Just a day after releasing Chrome 27 on the desktop, Google on Wednesday announced the release of Chrome 27 for Android, adding fullscreen support on phones and a tab history option on tablets. You can download the latest version now directly from Google Play.

The device-type features are fairly straightforward. To access the new fullscreen function on an Android phone, just scroll down the page and the toolbar will disappear (sidenote: full screen support for iOS arrived Chrome 26 stable). When you scroll back up, the toolbar returns automatically.

To use the new tab history on tablets, long press the browser back button to view what you’ve been browsing. This is one of those features that should have been in Chrome from the start, but as Android tablets become more popular, Google has finally been forced to add it.

Chrome for Android - Simpler Search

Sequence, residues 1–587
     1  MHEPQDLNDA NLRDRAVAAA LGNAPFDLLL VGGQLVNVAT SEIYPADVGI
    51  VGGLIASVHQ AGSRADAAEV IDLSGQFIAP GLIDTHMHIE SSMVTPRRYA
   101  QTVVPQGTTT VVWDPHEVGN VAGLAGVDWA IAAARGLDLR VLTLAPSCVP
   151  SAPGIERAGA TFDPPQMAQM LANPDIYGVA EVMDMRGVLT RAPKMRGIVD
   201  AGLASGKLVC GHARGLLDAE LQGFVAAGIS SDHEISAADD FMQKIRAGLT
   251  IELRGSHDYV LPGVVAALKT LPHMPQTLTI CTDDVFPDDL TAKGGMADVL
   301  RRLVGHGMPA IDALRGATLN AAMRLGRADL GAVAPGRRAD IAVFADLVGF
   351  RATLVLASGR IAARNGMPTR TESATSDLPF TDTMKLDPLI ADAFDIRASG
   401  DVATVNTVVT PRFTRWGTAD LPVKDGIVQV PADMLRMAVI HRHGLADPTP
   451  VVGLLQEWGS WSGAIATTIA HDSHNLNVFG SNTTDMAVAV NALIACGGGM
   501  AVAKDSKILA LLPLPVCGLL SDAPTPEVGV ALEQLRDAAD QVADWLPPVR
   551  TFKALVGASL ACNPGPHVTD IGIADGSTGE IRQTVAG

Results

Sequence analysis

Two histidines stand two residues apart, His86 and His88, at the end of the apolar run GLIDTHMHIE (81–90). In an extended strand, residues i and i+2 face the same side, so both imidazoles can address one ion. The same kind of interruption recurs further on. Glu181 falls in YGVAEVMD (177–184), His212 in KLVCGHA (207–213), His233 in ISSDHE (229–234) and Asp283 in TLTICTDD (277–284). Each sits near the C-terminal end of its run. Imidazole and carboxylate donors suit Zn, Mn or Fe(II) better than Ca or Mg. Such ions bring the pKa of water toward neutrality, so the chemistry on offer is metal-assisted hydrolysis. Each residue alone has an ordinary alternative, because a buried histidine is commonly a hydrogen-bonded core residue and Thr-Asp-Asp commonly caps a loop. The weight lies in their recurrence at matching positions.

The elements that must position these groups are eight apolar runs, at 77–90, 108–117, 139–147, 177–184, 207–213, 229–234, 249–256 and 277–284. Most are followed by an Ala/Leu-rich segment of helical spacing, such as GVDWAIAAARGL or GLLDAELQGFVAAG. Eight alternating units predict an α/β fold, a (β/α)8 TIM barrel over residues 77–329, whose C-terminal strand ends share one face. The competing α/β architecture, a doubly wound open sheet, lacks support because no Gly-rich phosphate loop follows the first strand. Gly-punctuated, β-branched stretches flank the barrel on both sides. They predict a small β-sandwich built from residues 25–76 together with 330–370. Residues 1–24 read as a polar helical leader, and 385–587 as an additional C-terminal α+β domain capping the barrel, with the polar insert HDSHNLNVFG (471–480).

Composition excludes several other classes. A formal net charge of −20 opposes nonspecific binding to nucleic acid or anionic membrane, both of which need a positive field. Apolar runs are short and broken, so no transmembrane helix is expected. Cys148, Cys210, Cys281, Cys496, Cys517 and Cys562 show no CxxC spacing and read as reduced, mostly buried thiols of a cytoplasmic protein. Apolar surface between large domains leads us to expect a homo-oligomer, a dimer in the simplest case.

Next up, we have “simpler searching.” Google is referring to a change regarding how its search engine (and possibly other search engines) work in Chrome. The company has been experimenting with leaving the search query in the omnibox, removing the need for a second search box on the results page, since December 2012.

So far, however, only beta and other test versions of Chrome have seen the change. Chrome for Android is thus the first stable release of Google’s browser to get the feature.

The full Chrome 27.0.1453.90 for Android changelog is as follows:

  • Fullscreen on phones – Scroll down the page and the toolbar will disappear.
  • Simpler searching – Searching from the omnibox will keep your search query visible in the omnibox, making it easier to edit, and show more on your search result page.
  • Client-side certificate support – You can now access sites that require you to use a certificate and Chrome will allow you to select an installed certificate.
  • Tab history on tablets – Long press the browser back button to view your tab history.
  • And a ton of stability and performance fixes.

As you can see, Chrome also now has client-side certificate support. Most users won’t be using it on mobile but its addition does show Google’s dedication to having a full-blown browser on its mobile platform.

Top Image Credit: Half Cut